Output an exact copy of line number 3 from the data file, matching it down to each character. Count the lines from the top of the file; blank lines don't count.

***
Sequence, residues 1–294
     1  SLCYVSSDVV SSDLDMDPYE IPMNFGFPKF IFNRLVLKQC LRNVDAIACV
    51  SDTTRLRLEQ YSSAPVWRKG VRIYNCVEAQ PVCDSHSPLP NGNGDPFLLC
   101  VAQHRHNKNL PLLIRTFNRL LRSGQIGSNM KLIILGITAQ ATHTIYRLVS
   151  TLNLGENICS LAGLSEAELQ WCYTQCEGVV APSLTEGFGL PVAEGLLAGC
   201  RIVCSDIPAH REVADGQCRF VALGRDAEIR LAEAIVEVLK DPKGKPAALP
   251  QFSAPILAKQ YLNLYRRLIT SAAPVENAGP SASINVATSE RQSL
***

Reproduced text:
    51  SDTTRLRLEQ YSSAPVWRKG VRIYNCVEAQ PVCDSHSPLP NGNGDPFLLC